Vodacom will spend R1.1bn on an employee share ownership scheme as part of its R17.5bn broad-based black economic empowerment (BEE) deal — the biggest BEE deal in the telecommunications sector. The scheme will benefit 4,637 permanent employees in SA.
"The employee share scheme effectively is for all employees, but black employees and [especially] black female employees will obviously get the lion’s share," Vodacom Group CEO Shameel Joosub told Business Day.
It was targeted more towards general staff as opposed to management, he said.
Vodacom would spend about R1.1bn on the employee share scheme, which would be geared to give staff effective exposure to the group’s shares of R3.5bn — an average of nearly R755,000 per qualifying staff member.
Meanwhile, the group’s new BEE deal, which was announced on Monday, will replace the scheme that was launched in 2008 and which expires in October 2018.
If approved, the transaction will pool all of Vodacom’s BEE shareholders under a single entity, JSE-listed YeboYethu, and will see existing black shareholders exchanging their shares in Vodacom’s South African business for Vodacom Group stock, giving them exposure to other markets.
The transaction would raise the group’s black ownership from 17% to 20%, Joosub said.
But that still might not be enough to satisfy a possible regulatory requirement that mobile operators must be 30% black-owned to bid for spectrum.
"If government says you have to have 30% BEE shareholding, that remains to be seen and there’s a risk that you’ll have to do a larger BEE shareholding scheme at some point," said Sentio Capital portfolio manager Imtiaz Suliman.
"That’s the cost of doing business and getting spectrum if it comes to market," Suliman said.
Vodacom’s share price fell 2.9% to R140.31 on Monday, largely because the 115-million new shares to be issued under the scheme would dilute the group’s dividends, Suliman said.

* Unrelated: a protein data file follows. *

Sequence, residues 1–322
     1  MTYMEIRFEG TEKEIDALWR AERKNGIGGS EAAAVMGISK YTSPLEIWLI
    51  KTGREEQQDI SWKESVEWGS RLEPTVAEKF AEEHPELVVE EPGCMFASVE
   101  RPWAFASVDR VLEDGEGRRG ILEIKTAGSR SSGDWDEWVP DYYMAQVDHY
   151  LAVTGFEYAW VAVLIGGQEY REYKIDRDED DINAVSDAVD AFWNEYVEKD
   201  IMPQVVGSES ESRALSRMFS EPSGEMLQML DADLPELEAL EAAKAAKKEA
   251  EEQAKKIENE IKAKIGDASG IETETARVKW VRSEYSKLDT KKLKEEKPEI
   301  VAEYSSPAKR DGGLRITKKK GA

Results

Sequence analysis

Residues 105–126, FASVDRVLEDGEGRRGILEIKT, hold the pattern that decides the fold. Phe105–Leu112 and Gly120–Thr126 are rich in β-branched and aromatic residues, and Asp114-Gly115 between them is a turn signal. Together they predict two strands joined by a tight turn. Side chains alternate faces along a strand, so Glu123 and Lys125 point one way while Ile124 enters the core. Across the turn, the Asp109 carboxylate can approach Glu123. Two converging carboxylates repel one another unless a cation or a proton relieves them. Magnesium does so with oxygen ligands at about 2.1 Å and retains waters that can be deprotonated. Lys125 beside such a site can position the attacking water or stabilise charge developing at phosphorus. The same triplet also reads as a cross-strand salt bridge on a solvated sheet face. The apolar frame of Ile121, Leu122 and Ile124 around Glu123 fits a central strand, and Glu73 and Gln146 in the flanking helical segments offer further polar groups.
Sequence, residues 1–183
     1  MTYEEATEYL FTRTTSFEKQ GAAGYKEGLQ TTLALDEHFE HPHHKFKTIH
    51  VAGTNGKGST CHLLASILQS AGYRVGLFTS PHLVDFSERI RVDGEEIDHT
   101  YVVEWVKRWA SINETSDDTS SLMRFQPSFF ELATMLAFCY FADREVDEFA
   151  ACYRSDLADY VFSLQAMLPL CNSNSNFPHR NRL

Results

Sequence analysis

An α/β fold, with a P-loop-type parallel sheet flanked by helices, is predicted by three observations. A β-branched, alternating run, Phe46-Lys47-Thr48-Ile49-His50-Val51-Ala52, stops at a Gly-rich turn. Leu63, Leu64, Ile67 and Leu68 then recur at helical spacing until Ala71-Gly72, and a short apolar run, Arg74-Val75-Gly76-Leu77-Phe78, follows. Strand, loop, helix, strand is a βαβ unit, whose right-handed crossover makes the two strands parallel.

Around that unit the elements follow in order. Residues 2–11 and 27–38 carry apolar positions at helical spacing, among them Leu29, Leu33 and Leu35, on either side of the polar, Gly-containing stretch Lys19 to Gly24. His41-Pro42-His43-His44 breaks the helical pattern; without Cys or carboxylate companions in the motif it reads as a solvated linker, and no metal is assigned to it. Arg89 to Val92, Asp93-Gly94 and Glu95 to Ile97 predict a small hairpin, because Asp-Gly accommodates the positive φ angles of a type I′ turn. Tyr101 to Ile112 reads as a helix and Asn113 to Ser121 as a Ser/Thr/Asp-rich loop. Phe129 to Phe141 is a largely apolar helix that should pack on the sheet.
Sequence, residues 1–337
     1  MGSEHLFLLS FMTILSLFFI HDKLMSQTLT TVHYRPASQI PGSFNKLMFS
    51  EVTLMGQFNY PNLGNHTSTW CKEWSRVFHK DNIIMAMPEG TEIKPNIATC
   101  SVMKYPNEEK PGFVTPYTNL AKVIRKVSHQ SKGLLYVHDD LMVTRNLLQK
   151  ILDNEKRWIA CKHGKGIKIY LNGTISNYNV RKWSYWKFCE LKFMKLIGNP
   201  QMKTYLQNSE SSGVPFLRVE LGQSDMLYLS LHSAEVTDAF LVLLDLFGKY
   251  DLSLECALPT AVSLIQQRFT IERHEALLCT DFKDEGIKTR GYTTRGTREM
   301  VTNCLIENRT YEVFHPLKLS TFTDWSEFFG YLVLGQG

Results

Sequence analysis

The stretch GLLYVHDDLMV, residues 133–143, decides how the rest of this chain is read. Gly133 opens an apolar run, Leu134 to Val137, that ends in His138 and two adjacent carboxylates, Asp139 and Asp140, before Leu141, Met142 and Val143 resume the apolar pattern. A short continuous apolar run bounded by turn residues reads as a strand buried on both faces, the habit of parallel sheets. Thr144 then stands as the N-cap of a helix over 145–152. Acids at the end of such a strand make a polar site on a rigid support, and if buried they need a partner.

Joosub pointed out that while there had been talks about the 30% BEE hurdle rate in the past, "there’s also been a big push to align to the [black economic empowerment] scorecards".
"A level four is required in the scorecards [to bid for electromagnetic spectrum]. We’re currently a level three," he said.
Vodacom’s initial BEE scheme had generated R7.5bn in value for black shareholders.
About R3bn of that would be paid out as a special dividend — leading to a 42% jump in the YeboYethu share price on Monday — while R4.5bn would be invested into the new scheme.
YeboYethu chairwoman Zarina Bassa said the new deal would provide more clarity for the empowerment vehicle’s 102,000 investors.
"The questions we’ve had from shareholders over the years were: what is the exit mechanism for the [first] deal?; and [secondly] how does the YeboYethu price compare to the Vodacom Group price? And those are addressed in this deal," Bassa said.
Vodacom employees will own about 20% of YeboYethu via the share scheme.
Joosub said the new scheme would cost about R4.2bn to implement, with about R2.7bn spent upfront and the remaining R1.5bn spread over the 10-year life of the structure.
"Our original BEE deal has delivered significant value to our BEE partners. Its unwind will deliver approximately R7.5bn of value, or 6.7-times the original capital our BEE partners invested into the 2008 transaction," he said.
Vodacom said it was likely to confirm the final price of the transaction in early July, while the deal would probably be implemented in September.
In 2016, Vodacom’s rival, MTN sold a 4% stake for about R10bn to black investors through a scheme called MTN Zakhele Futhi.